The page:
South Carolina authorities have noticed astonishing changes in the 9½-mile portion of the Saluda River below Lake Murray Dam, where trout have been stocked since the 1960s.
About 35,000 catchable sized browns and rainbows are released each year, with anglers encouraged to harvest them since they were unable to survive from year to year.
In recent years, however, the fish are surviving – and growing to trophy size.
“In the last year or two it seems there are a number of larger holdover trout being caught in the Saluda,” said Hal Beard, a regional fisheries coordinator and biologist for the S.C. Department of Natural Resources.
“Some of them are 18 to 24 inches – we’re talking about some very large fish.”
Changes in water quality in recent years might be responsible. The river has more dissolved oxygen because of turbine and flow schedule improvements at the Lake Murray Dam.
“Some people have attritbuted it to the improved environmental conditions,” Beard said. “There could be any number or reasons, but I would guess it’s a combination of things.”
The larger trout have made the Saluda more popular with anglers – and some of them believe stricter harvest rules could make a good trout stream even better.
Groups including Trout Unlimited have approached state officials about modifying regulations to encourage even more trout carryover from year to year, especially among the larger, trophy fish.
The department has held two public meetings so far to gauge public opinion, but has not come up with any specific recommendations for change.
Currently, the limit is five trout of any size, with no seasonal or bait restrictions. One possible change would be to allow anglers to keep only one large fish.
“We’re trying to come up with a compromise here,” Beard said. “Some people just want to catch their five trout and go home, but if there was a way to enhance the trophy fishery, that isn’t necessarily bad either.”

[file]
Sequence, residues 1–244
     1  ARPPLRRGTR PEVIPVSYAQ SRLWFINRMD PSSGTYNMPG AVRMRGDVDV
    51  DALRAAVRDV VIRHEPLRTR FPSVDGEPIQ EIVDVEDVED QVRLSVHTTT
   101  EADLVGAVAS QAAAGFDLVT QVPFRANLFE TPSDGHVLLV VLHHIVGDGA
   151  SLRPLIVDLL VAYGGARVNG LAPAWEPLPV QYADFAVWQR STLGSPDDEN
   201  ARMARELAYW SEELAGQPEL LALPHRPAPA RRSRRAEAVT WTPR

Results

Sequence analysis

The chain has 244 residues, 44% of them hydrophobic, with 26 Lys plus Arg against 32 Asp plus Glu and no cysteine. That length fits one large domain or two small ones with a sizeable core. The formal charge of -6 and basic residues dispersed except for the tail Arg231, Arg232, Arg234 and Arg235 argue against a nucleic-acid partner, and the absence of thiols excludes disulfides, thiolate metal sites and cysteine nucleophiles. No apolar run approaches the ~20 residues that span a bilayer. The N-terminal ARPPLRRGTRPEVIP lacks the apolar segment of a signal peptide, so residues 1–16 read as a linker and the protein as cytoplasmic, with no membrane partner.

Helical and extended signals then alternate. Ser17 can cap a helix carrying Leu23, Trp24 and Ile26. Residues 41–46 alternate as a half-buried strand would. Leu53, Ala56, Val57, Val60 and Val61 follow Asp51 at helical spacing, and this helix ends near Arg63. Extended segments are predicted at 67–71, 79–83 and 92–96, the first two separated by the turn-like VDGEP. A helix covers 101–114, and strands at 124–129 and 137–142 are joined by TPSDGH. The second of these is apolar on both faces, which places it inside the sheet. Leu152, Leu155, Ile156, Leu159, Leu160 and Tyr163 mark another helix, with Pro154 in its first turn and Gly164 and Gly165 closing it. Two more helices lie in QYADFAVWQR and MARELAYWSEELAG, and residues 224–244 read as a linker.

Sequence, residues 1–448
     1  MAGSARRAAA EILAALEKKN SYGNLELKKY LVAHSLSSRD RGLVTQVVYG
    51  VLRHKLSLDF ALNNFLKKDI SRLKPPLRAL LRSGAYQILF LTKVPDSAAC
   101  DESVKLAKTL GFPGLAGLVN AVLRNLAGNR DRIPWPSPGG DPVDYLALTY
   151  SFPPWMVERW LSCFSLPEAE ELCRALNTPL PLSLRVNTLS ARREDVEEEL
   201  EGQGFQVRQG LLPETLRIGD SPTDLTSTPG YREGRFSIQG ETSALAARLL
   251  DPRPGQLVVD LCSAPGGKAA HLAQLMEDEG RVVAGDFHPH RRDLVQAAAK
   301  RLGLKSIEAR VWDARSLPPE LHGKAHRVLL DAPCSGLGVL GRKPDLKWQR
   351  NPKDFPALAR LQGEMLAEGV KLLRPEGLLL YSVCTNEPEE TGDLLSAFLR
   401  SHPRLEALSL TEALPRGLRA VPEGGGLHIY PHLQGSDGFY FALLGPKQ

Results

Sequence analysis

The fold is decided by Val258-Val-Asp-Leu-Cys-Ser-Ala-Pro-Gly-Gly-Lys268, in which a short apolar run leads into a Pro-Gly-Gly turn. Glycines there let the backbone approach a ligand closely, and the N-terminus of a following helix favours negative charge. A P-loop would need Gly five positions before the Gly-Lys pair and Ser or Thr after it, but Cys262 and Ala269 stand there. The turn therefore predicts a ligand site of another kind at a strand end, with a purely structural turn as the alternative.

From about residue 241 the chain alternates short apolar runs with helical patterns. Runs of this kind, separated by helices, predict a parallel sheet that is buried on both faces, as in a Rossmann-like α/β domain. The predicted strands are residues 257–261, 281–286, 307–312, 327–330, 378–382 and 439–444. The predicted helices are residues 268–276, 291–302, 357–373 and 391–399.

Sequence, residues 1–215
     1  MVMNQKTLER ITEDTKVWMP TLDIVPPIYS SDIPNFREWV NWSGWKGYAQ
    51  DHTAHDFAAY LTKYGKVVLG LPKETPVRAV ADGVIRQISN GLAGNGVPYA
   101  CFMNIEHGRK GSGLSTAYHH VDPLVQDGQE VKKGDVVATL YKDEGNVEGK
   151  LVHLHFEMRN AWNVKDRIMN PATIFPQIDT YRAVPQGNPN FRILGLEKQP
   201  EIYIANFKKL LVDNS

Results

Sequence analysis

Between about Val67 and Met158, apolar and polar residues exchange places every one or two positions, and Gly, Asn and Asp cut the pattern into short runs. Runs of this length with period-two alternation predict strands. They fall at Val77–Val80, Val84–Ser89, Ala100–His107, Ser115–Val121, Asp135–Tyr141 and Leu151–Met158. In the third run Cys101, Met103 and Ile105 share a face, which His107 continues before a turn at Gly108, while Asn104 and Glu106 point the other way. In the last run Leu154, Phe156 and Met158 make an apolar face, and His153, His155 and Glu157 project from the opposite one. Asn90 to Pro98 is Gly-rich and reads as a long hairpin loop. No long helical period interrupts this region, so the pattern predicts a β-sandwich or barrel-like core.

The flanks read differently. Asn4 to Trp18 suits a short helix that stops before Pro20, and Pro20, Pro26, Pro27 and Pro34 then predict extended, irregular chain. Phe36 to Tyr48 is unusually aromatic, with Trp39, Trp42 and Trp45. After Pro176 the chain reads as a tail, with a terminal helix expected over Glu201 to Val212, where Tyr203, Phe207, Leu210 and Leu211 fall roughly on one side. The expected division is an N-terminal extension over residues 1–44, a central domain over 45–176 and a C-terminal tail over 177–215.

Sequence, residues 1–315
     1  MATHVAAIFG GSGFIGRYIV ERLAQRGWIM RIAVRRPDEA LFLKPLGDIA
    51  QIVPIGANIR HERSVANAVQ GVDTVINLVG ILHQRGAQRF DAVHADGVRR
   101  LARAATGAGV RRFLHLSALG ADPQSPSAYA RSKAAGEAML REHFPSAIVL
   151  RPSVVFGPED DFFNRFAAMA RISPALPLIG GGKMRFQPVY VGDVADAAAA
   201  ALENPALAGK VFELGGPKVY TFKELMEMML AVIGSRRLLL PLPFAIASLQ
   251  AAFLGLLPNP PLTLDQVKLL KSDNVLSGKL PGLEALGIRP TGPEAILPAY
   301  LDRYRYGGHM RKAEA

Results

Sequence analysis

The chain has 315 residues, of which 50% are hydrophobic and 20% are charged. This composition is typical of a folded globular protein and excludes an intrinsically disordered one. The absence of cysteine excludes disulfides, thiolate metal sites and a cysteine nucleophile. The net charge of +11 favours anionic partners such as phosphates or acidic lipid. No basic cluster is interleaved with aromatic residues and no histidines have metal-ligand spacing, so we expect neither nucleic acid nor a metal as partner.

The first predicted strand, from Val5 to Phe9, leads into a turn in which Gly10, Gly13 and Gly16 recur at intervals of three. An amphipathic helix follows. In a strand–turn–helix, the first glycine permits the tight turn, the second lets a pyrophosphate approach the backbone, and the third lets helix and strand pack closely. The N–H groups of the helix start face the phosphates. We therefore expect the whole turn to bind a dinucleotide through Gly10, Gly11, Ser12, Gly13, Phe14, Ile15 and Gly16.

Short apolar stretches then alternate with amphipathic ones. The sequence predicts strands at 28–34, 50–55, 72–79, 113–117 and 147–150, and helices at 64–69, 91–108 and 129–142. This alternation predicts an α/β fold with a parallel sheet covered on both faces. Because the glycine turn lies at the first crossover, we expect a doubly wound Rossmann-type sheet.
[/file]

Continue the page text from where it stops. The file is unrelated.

Hydropower dams like the one at Lake Murray typically withdraw water far beneath the lake’s surface, where temperatures are very cold. Modern turbines include vents to inject oxygen into the tailrace waters, which in past decades were deficient in dissolved oxygen.
The Saluda River isn’t the only site where more oxygen is possibly influencing water quality and fish.
In May, PGA Tour member Vaughn Taylor landed a
56-pound, 2-ounce striper below Thurmond Dam, setting a new species record for the Savannah River.
Taylor’s fish shattered the previous record by more than 13 pounds, and was caught in a segment of the river that is not part of any striper stocking program. Biologists believe his fish survived a trip through the dam’s turbines as a fingerling.
Its stunning size was viewed as a possible indicator that water quality in that segment of the river has improved, due in part to the installation about a decade ago of oxygen-venting turbines in Thurmond Dam.
WARREN EXPO: Last weekend’s Wildlife Expo at Warren Baptist Church lured in plenty of hunting and fishing aficionados – and might even need a bigger venue in future years.
There were 1,450 people registered, and barbecue was fed to almost 1,700 people, said Adam Harris, one of the organizers. With more than 60 vendors and $21,000 in door prizes – including a golf car and Green Egg cooker – the night was a huge success, he said.
CRACKERNECK TO OPEN: Aiken County’s Crackerneck Wildlife Management Area will open to the public Sept. 1, 8, 15, 22 and 29 to allow scouting, fishing and other activities.
The area includes 10,470 acres owned by the U.S. Department of Energy along the Savannah River south of Jackson. Access is off Brown Road near U.S. Highway 125. To request a map, call (803) 725-3663 or e-mail CaudellM@dnr.sc.gov.